Blood and neuroimaging biomarkers of cognitive sequelae in breast cancer patients throughout chemotherapy: A systematic review

Gwen Schroyen*, Julie Vissers, Ann Smeets, Celine R. Gillebert, Jurgen Lemiere, Stefan Sunaert, Sabine Deprez, Charlotte Sleurs

*Corresponding author for this work

Research output: Contribution to journalReview articlepeer-review

13 Citations (Scopus)
56 Downloads (Pure)

Abstract

Breast cancer treatment can induce alterations in blood-and neuroimaging-based markers. However, an overview of the predictive value of these markers for cognition is lacking for breast cancer survivors.

This systematic review summarized studies of the last decade, using the PubMed database, evaluating blood markers, and the association between blood-or structural neuroimaging markers and cognition across the chemotherapy trajectory for primary breast cancer, following PRISMA guidelines.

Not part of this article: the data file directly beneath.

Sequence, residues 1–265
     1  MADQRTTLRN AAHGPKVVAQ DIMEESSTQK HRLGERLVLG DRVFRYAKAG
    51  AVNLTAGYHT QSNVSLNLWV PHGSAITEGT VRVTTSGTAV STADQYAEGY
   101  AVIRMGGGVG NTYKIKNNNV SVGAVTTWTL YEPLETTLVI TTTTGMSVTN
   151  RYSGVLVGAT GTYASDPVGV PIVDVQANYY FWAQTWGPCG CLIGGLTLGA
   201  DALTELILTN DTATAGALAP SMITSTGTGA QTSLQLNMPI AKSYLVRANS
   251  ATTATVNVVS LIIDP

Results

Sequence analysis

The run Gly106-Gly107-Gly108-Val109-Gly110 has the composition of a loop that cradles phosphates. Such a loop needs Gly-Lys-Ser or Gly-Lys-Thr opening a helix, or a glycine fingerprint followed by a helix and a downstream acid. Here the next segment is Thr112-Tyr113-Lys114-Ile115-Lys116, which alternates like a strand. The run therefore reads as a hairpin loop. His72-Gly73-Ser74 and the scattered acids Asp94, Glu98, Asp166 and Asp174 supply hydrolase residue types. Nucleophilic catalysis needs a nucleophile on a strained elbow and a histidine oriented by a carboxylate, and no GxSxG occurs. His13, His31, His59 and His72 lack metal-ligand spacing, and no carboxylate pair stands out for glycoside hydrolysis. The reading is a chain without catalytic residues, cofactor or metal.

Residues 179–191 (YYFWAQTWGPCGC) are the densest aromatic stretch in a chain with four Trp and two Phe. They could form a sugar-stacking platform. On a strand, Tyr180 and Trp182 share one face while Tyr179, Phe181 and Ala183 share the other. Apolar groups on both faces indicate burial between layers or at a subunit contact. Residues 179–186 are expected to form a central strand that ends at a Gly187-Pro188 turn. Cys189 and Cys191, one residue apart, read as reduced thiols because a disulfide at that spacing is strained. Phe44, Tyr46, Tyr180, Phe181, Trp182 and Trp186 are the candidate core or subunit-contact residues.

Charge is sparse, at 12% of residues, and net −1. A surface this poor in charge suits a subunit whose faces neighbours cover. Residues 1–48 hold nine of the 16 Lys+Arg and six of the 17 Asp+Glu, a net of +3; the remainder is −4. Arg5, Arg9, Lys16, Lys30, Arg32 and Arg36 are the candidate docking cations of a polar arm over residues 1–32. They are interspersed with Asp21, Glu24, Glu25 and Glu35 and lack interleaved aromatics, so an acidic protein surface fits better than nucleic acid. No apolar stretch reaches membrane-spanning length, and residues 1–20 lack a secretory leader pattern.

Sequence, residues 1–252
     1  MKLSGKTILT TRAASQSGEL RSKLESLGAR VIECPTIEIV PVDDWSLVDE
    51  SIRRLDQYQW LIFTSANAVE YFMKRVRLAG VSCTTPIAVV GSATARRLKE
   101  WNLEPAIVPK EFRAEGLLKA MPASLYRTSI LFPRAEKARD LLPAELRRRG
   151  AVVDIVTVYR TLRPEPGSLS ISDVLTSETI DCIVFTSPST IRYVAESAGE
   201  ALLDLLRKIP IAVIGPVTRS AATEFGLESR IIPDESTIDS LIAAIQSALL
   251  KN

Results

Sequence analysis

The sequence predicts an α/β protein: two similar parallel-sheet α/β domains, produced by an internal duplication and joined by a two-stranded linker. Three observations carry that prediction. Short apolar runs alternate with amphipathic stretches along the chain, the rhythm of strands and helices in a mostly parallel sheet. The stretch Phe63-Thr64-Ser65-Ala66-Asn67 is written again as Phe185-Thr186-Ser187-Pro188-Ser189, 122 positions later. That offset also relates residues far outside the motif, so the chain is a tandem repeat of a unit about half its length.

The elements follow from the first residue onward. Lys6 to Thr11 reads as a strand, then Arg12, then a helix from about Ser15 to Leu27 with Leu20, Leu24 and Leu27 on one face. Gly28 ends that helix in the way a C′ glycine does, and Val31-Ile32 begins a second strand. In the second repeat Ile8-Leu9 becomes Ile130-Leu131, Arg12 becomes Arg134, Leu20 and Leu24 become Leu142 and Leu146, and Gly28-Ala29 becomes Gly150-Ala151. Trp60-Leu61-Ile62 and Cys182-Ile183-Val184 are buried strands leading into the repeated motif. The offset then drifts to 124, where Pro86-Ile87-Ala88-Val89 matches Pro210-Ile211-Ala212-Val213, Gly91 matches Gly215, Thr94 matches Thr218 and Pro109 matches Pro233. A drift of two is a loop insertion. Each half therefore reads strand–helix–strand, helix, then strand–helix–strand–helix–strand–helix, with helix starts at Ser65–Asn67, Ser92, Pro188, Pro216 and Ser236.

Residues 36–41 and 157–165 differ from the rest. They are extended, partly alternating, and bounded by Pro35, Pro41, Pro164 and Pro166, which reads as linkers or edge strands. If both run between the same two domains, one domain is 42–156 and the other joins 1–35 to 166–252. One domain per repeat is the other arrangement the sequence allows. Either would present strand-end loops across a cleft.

Forty-four studies were included. Differences were observed in all blood marker categories, from on-therapy until years post-chemotherapy. Associations were found between cognitive functioning and (1) blood markers (mainly inflammation-related) during, shortly-, or years post-chemotherapy and (2) white and gray matter metrics in frontal, temporal and parietal brain regions months up until years post-chemotherapy. Preliminary evidence exists for epigenetic and metabolic changes being associated with cognition, only after chemotherapy.

This review demonstrated time-dependent associations between specific blood-based and structural neuroimaging markers with cognitive impairment in patients with breast cancer. Future studies are encouraged to include both neuroimaging-and blood markers (e.g. of neuronal integrity, epigenetics and metabolism) to predict long-term cognitive effects of chemotherapy.

Original languageEnglish
Article number101297
Number of pages12
JournalTranslational Oncology
Volume16
DOIs
Publication statusPublished - 2022

Keywords

  • Neuroimaging
  • Chemotherapy
  • Cognitive impairment
  • Biological markers
  • Breast cancer
  • ADJUVANT CHEMOTHERAPY
  • WHITE-MATTER
  • SURVIVORS
  • IMPAIRMENT
  • CYTOKINES
  • WOMEN
  • ASSOCIATION
  • SYMPTOMS
  • MEMORY

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